The first Christians were blacks


AS highlighted in earlier series, Yahshua (Christ) was a black man.
His first followers commonly described as his disciples were also black.
These are the people who continued his mission after the crucifixion. Throughout his life, Yahshua’s main concern was finding ‘the lost sheep of Israel’ – a reference to the black people of Judea who had been scattered around the earth by the Romans.
Following Yahshua’s death, it was his fellow Israelites who believed in his ministry who came to be known as Christians.
These Christians were persecuted by the Romans and Pharisees and often faced the same fate as their mentor Yahshua.
Some were killed.
Christianity was characterised by humility and rebellion against the Roman Empire.
It was unlike the Christianity of today which is adorned with riches and decorative gowns, jewellery and massive churches.
It was the common man’s religion and most Christians were black people of peasant background who would meet on hills and in the valleys to hold their sermons.
Initially, the followers of Christ would preach in the synagogues, but they were eventually outlawed and punished.
Anyone who was found preaching the same message Yahshua was killed for was punished.
One such victim was James, a brother of Yahshua.
Peter, the disciple of Yahshua, became the leader of the followers of Christ in Jerusalem until he too was killed by the Romans.
After Peter, James, who was a close kinsman of Yahshua, became very popular among the Christians in a very short space of time.
He somewhat succeeded Peter, but his life was short-lived for he was stoned to death in Jerusalem by the corrupt Judeans who feared and were against the ministry of Christ.
Most of the black Judeans had witnessed the painful death of Yahshua and his followers under Roman and Pharisee rule.
As such they sought to dissociate themselves from the Christians and some even joined ranks with the Romans against the Christians.
Saul, who would eventually be known as Paul, was one such black Judean who was a son of a black Pharisee and was recruited by the Romans to hunt down and imprison the followers of Christ.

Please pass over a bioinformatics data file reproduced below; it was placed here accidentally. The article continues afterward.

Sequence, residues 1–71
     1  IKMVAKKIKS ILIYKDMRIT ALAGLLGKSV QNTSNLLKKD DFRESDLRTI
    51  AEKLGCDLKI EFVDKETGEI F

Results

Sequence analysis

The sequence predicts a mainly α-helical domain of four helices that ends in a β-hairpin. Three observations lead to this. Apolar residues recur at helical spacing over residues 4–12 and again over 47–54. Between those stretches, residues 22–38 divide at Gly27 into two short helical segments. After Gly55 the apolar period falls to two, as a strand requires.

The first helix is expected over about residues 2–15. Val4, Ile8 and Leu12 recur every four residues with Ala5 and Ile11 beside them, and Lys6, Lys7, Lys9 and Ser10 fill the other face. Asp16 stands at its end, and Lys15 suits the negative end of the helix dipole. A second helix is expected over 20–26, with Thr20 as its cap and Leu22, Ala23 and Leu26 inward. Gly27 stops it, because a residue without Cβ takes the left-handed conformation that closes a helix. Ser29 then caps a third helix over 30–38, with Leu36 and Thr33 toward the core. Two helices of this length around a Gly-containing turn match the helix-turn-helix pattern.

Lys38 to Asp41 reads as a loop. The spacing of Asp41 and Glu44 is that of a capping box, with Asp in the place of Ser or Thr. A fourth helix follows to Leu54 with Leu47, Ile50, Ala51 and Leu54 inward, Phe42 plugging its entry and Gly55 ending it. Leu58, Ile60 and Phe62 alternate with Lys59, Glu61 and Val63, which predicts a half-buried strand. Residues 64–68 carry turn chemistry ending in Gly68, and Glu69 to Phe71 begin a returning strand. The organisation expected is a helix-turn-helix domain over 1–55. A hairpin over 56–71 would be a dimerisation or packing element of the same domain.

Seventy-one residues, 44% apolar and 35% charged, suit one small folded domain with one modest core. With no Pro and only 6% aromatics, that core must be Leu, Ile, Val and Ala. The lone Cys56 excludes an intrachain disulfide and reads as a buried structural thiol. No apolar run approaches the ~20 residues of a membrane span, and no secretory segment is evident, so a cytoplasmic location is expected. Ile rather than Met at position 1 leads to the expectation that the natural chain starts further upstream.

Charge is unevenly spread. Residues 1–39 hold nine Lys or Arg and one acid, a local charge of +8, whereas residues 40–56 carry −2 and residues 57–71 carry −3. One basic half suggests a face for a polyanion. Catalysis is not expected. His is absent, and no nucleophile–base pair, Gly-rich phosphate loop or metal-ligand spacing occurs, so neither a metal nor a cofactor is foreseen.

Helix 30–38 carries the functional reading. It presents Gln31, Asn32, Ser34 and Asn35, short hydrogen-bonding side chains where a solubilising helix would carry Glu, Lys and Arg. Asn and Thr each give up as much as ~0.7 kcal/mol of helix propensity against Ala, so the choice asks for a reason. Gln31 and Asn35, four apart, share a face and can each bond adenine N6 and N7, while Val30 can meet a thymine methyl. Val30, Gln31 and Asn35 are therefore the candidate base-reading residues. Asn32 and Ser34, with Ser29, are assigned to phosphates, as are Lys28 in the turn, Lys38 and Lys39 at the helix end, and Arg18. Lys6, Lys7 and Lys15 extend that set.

Paul eventually repented from his ways after being temporarily blinded and receiving a sign from heaven, telling him not to persecute his own people for following their Lord.
Paul was born in Rome, and had Roman citizenship.
He was well educated and had travelled to lands as far as Damascus, Rome, Egypt and Asia.
In many of these lands, Paul was often mistaken for an Egyptian, but he would often remind people that he was a Hebrew.
This alone confirms that the Israelites were as black as the Egyptians were.
The Romans recruited influential black Judeans such as Paul to oversee fellow black Judeans, including the Christians.
When Paul turned against the Romans and became what he called a bond servant of Christ, he proclaimed to the black Judeans that he would personally see to it that the word of Christ, and of Moses and the prophets of Israel, would be given to the gentiles, because the black Judeans had lost their way in joining themselves with the heathen and had a hand in rejecting and killing their Saviour.
Paul also spoke saying that one could only be judged according to the law he abides with, and thus the gentiles of Judea, i.e. the Romans and Canaanites (whites), as heathens and barbarians, had first to receive the law of God so that on the awaited Day of Judgment, the Israelites and gentiles alike, would all be liable to the same judgment, according to their own deeds.
Many black Judeans were against Paul because of his stance and Paul ended up spending most of his ministry in places like Rome.
His preaching to the gentiles was different from what he taught the Israelites. Paul never stressed covenants such as the dietary laws and circumcision, which were between Yahweh and the likes of Abraham, Isaac and Jacob to the gentiles, and this was because these covenants were to do with the lineage of Israel and his descendants and thus would not necessarily apply to the gentiles.
A gentile is a non-Israelite and it was not hard for Paul to succeed in his mission because he had grown up among the Romans and understood their mindset well. Paul spoke the Roman language and many other languages apart from Hebrew and Aramaic.